Monitor, a regulatory body appointed by the government, is to investigate and make recommendations on the financial crisis of the Peterborough and Stamford Hospitals National Health Service Trust, in England.
This sounds a warning that further attacks are to be made on jobs, services and health care provision.
Monitor was originally set up by the Labour government in 2004 as a supposedly independent regulatory body for NHS Foundation Trusts. The development of Foundation Trusts opened public hospital services up to private sector corporations and the banks, establishing a market in health care. Although ostensibly not-for-profit bodies, the Foundation Trusts were tied to the profit motive by contract arrangements and access to disposable assets. The move paved the way for wholesale privatisation.
With last year’s Health and Social Care Act, Monitor became the “sector regulator for health care”, meaning it will “regulate all providers of NHS-funded services in England”.
Under its new responsibilities Monitor’s primary duty is now “protecting and promoting the interests of health care users”.
This is an even more directly financial role. The Health and Social Care Act outlined Monitor’s new responsibility as “a continuing role in assessing NHS trusts for foundation trust status, and for ensuring that foundation trusts are financially viable and well led, in terms of both quality and finances”.
From this year Monitor will be issuing licences to providers of NHS-funded care. The body has identified other areas of its responsibility:
1. Regulating prices
2. Enabling services to be provided in an integrated way
3. Safeguarding choice and competition
4. Supporting commissioners so that they can ensure essential health services continue to run if a provider gets into financial difficulties
Stripped of its business jargon, this means that Monitor’s responsibility for overseeing privatisation gives it the role of slashing services and driving down wages and conditions for health workers. This is to help service the huge debts incurred through the Private Finance Initiative (PFI), whereby the private sector builds, finances and operates hospitals in return for an annual fee. Championed by the Labour government, PFI is vastly more expensive than public funding with huge amounts being ring-fenced for repayments to private contractors.
This was the funding method for the recently opened Peterborough City Hospital. The capital cost of the scheme as a proportion of turnover was 142 percent, the highest in the NHS.
When the Edith Cavell Hospital opened in 1988, NHS workers at the Peterborough hospital sites were told that the site would be expanded and become the main single hospital site. Had this plan been adopted there would have been no need for a PFI programme, with its colossal debts, as the Edith Cavell Hospital was in a good state of repair.
Doubts had been raised about the Trust’s ability to meet the City Hospital repayments even before construction began in 2007. The National Audit Office have criticised the Trust for its “unrealistic business case” and “procurement of an unaffordable PFI scheme”. The Peterborough Evening Telegraph reported before Christmas that the Trust is operating a £54 million deficit this year. This is despite a £41 million parachute payment last year, with a further payment due in 2013.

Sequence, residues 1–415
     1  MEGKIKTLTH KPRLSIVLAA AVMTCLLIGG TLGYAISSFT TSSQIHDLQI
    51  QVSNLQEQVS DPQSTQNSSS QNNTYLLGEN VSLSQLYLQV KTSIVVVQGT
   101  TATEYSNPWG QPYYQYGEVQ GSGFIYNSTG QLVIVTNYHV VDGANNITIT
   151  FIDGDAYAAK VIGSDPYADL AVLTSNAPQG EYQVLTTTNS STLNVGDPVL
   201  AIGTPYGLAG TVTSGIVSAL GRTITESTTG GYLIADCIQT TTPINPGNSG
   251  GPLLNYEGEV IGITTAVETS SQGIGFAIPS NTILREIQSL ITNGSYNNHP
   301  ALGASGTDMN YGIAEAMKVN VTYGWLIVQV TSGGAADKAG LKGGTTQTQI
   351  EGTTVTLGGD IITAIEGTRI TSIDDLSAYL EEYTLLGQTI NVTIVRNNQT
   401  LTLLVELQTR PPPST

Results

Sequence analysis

A £50 million plus deficit is projected for the coming financial year.
The chief executive of the trust, Dr. Peter Reading, announced that operating theatres at the new hospital could be closed or turned over to “new work”, probably for private health care operations. After boasting that the trust had already made £13 million in “efficiency savings”, Reading faced questioning from Labour MP Margaret Hodge and Peterborough’s Conservative MP Stewart Jackson at a House of Commons committee session.
Both MPs demanded that the privately-run Hinchingbrooke Hospital in Huntingdon should be closed, as its service debt continues to rise. Hinchingbrooke was the first NHS hospital to have its day-to-day management handed over to the private sector on supposed efficiency grounds. The amount being lost by its management, Circle health care, rose from £1.9 million to £4.1 million in just 6 months.
The demands of this cross-party committee were clear: the provision of health care for the working class needed to be cut back immediately. The closure of Hinchingbrooke Hospital would mean the slashing of hundreds of jobs, and a large payment to the private company Circle health care as a contractual payoff. This could only take place by cutting services to the bone.
To give just one example, many nurses in the Trust are already employed through nursing agencies, a commonplace practice throughout the NHS. This gives the employers ultimate flexibility in labour costs and productivity. Many nurses have little time to be trained in one ward before being transferred to another, where the process begins again.
The ongoing financial crisis surrounding the Peterborough NHS Trust is continuing to affect the conditions of NHS workers, support staff and patients. In contrast the various chief executives, board directors, managers and their trade union advisors continue to do very well. The current interim chief executive of the Trust, Dr. Peter Reading, earns £300,000 a year. He is the fifth such holder of the post in the last 10 years. Ali Parsa, the outgoing chief executive of Hinchingbrooke Hospital who left after the Circle health care takeover, received a £400,000 golden handshake as a leaving present.
In the last two years NHS Peterborough has paid £800,000 in fees to property advisors in a bid to sell the site of the old District Hospital, which was closed in 2010. No sale has been made to date.